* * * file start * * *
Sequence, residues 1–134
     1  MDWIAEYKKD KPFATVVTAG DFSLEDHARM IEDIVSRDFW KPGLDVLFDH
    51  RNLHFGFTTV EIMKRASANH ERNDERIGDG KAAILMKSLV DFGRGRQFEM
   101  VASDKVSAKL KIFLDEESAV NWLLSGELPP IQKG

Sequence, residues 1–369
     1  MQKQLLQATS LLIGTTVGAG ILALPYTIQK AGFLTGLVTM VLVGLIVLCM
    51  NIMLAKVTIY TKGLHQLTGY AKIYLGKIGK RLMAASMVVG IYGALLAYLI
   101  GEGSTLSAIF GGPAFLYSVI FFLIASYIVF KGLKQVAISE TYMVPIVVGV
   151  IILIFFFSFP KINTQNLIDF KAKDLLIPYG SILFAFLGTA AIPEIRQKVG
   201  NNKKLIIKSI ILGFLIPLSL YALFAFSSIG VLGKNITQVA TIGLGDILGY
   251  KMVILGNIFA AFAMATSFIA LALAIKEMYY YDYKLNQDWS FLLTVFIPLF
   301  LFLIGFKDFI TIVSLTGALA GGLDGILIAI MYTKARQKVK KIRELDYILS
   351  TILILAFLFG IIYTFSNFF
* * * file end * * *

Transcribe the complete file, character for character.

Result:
Sequence, residues 1–134
     1  MDWIAEYKKD KPFATVVTAG DFSLEDHARM IEDIVSRDFW KPGLDVLFDH
    51  RNLHFGFTTV EIMKRASANH ERNDERIGDG KAAILMKSLV DFGRGRQFEM
   101  VASDKVSAKL KIFLDEESAV NWLLSGELPP IQKG

Sequence, residues 1–369
     1  MQKQLLQATS LLIGTTVGAG ILALPYTIQK AGFLTGLVTM VLVGLIVLCM
    51  NIMLAKVTIY TKGLHQLTGY AKIYLGKIGK RLMAASMVVG IYGALLAYLI
   101  GEGSTLSAIF GGPAFLYSVI FFLIASYIVF KGLKQVAISE TYMVPIVVGV
   151  IILIFFFSFP KINTQNLIDF KAKDLLIPYG SILFAFLGTA AIPEIRQKVG
   201  NNKKLIIKSI ILGFLIPLSL YALFAFSSIG VLGKNITQVA TIGLGDILGY
   251  KMVILGNIFA AFAMATSFIA LALAIKEMYY YDYKLNQDWS FLLTVFIPLF
   301  LFLIGFKDFI TIVSLTGALA GGLDGILIAI MYTKARQKVK KIRELDYILS
   351  TILILAFLFG IIYTFSNFF